Solomon was graciously chosen by God to be king of Israel in the line of David, a line eventually leading to the Messiah. Solomon’s status and his vocation were undeserved gifts from God. In our text this morning, we see God’s plan of salvation in its early stages. In our text this morning, we see Solomon's humility, and we remember Mary’s words about that subject. Our Savior, Jesus was humble. He was born in humble circumstances. He exhibited humility, in submitting to his parents. Later on, he showed humility by riding into Jerusalem on a donkey. He humbly endured the suffering of the cross as payment for our sins. He humbly exchanged his heavenly glory for the shame of the cross. Before Jesus was born, Mary humbly submitted to God’s will for her. And Joseph did the same. 

When we consider the entirety of Solomon’s life, we see both his strengths and his weaknesses. The Holy Scriptures tell us the truth about Solomon. It does the same for us. All of us are, as I say, saints and sinners. Because we are sinners, we begin each worship service with a confession of sins and we hear God’s word of forgiveness spoken to us. Solomon was a complex character. In many ways, when you compare Solomon with David, it was “like father, like son.” But the sin we see in Solomon’s life is the reason why Jesus Christ took on flesh and came into this world. All of us, Biblical hall-of-famers or not, need to be changed; we need to be transformed by the power of God working through the Gospel. We need to have our sins forgiven. We need the promise of eternal life. None of us, Biblical hall-of-famers or anyone else, can earn salvation through our good works. We dare not give ourselves more credit than is due. As we see so often in the Scriptures, God works through people like Solomon, individuals who are flawed and imperfect. And, of course, he does the same with us.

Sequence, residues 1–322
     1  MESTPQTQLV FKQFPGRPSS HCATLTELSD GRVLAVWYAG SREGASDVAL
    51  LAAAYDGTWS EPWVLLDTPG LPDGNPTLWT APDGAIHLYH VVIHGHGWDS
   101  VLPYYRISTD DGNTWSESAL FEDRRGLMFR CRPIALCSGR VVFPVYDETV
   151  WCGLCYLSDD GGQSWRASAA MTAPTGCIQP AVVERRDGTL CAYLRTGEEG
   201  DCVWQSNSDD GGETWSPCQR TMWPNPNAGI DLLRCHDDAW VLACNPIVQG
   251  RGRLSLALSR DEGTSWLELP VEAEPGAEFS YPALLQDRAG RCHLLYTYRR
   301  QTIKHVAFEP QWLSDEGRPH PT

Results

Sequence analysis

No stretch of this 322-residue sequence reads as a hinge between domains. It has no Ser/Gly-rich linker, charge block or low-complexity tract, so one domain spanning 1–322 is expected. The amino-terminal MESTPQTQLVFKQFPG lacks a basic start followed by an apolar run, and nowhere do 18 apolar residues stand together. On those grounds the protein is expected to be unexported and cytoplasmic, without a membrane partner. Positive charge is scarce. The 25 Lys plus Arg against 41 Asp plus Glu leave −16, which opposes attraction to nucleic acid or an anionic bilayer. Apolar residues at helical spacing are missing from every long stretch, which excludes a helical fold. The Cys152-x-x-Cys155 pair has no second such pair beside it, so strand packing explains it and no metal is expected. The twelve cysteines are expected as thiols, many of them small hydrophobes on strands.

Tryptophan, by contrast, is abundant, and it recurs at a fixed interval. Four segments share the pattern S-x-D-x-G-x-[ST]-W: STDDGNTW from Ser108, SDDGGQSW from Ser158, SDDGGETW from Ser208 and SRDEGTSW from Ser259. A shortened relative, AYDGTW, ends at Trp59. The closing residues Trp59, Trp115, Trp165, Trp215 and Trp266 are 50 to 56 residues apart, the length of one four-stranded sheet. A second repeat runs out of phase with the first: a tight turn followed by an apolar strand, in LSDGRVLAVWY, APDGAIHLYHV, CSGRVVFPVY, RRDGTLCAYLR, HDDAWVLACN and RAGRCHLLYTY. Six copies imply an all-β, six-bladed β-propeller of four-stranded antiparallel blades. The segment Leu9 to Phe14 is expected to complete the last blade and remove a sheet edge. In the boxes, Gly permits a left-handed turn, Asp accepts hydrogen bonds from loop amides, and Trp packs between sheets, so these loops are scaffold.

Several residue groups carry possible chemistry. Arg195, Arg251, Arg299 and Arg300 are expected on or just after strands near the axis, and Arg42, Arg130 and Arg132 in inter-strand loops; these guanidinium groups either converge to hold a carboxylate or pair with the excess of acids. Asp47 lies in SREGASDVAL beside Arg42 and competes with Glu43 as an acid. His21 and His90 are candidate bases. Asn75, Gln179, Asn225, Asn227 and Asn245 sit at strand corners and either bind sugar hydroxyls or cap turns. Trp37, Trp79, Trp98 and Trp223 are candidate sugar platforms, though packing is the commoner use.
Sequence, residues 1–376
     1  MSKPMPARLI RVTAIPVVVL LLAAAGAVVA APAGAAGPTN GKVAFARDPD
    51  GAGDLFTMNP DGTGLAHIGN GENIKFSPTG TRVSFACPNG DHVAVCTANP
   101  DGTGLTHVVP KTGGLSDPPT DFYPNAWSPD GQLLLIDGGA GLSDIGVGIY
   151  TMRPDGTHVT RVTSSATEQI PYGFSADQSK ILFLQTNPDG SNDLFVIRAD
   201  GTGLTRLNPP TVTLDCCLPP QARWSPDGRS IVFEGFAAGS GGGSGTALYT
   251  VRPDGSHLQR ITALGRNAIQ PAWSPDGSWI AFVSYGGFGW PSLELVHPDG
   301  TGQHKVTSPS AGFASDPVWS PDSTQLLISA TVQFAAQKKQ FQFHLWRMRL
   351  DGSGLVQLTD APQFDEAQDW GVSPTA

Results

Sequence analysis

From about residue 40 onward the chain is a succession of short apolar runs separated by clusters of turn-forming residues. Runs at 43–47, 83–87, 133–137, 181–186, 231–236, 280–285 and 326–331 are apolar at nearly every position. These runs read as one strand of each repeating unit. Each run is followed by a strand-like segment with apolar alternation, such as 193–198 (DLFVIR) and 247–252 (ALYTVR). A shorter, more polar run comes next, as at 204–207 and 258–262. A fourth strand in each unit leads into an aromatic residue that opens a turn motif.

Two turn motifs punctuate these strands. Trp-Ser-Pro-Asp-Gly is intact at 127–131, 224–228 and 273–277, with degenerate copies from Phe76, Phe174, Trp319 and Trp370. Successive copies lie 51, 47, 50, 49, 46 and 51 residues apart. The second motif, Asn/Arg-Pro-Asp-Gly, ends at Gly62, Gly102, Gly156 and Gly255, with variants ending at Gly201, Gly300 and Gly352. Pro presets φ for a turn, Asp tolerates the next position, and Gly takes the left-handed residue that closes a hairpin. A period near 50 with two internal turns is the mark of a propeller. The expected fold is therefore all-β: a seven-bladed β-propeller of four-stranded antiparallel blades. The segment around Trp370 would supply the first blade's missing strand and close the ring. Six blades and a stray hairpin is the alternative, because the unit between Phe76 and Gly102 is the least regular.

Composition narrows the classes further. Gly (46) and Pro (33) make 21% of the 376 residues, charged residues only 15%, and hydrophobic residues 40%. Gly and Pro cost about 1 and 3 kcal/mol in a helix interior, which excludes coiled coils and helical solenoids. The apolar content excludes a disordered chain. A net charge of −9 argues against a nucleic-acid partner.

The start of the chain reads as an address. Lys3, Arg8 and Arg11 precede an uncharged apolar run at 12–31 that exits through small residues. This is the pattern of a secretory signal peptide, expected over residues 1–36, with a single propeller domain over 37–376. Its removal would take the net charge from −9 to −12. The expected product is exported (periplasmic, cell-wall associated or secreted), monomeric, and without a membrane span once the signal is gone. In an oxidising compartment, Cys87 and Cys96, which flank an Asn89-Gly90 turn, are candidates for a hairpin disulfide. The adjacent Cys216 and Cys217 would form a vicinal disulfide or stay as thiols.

God’s law tells us what we are to do for Him. And we realize that if we want to please God by keeping His Law, we will fail. Solomon’s father, David, failed to live up to God’s expectations. With Solomon, it was the same thing. Despite the glowing report we see in our text this morning, in the long run, Solomon wasn’t always wise in his words and in his actions. He married foreign wives who drew him away from his faith. He married Pharaoh's daughter. He spend more time and effort building his own house than he did in building God's house. In his last years of his life, his faith grew weak. The bottom line is this: God gave Solomon much wisdom, but, like the rest of us, Solomon didn't always use it properly.